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Day 242, Year of #Mygration: Diaspora Relocation Back to Nigeria

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Thinking of relocating to Nigeria? Yomi Oloko is a journalist, trainer & development practitioner who has supported several OU academics to conduct research in Nigeria. Today, he talks about his experiences of relocating to Abuja and helping other diaspora to do the same.

Some of us do migrate back to Africa by choice! I’m just one of the many UK-based Africans who take the plunge and move back to their country of heritage in Africa. In my case - Nigeria. We have done the long summer or winter holidays, some of us have even done the diaspora volunteering route, spending between a few weeks to 6 months every year involved in some sort of “development project”. Some of us have done the African SME buyer-seller, importer-exporter model of business. Or we’ve done the hard slog of 30+ years of working in Europe while managing to build a property in Africa and, if we are really fortunate to have a property in Europe as well with a redundancy or early retirement package. What is common to all of us though, is that one day we say that’s enough…… I’m taking the plunge and finally relocating for good to the mother country in Africa.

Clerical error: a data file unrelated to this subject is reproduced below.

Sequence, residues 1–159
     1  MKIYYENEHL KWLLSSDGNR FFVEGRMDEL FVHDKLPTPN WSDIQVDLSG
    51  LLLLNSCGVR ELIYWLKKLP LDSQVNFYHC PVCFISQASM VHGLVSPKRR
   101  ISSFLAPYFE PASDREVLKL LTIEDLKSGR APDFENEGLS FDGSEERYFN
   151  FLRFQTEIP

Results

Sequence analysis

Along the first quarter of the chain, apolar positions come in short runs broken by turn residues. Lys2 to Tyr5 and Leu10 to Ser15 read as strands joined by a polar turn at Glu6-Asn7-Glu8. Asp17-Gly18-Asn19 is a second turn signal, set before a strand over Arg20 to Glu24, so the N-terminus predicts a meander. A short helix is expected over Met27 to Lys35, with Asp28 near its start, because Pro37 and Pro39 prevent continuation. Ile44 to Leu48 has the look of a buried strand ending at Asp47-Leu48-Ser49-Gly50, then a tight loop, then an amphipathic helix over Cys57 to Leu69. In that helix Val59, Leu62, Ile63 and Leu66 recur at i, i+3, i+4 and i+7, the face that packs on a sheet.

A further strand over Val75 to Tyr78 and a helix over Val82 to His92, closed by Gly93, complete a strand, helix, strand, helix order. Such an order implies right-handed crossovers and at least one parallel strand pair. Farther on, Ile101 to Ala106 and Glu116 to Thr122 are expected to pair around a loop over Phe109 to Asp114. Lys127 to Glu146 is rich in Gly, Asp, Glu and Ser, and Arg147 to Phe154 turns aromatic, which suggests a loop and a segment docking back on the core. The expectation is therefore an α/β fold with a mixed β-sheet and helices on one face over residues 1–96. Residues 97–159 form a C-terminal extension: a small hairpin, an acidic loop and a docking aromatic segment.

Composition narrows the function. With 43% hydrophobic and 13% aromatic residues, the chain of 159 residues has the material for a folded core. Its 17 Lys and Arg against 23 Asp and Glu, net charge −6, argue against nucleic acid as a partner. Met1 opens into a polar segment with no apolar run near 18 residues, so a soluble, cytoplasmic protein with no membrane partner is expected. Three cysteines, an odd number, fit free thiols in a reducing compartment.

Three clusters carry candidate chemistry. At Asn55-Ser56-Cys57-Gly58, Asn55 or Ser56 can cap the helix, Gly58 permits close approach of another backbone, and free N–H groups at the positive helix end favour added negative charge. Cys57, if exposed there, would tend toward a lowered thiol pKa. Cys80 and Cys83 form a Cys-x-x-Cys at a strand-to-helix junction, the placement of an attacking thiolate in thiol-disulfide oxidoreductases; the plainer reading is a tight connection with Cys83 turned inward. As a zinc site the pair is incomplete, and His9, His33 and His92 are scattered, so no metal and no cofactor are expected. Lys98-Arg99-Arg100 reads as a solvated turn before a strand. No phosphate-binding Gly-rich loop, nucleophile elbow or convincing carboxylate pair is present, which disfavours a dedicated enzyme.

For several years I had been returning every summer to Nigeria to run short community development training programmes. Last year though, I stepped things up by starting a development project that allowed me to do two and a half months in Nigeria, followed by one and a half months in the UK. Doing this cycle, I got the “relocation bug” and informed most people I knew that I’m finally “moving back” to Nigeria. From the past 2 years of toing and froing there are a few things I have learnt along the way that I’d like to share with those that may be considering to do likewise.

Don’t be easily frustrated 

Nigeria has many opportunities and is a dynamic environment for making a difference but it’s not for the faint-hearted (especially Lagos). World-renowned go-slow traffic jams, lack of drinkable tap-borne water supply, erratic electricity and the general daily hustle.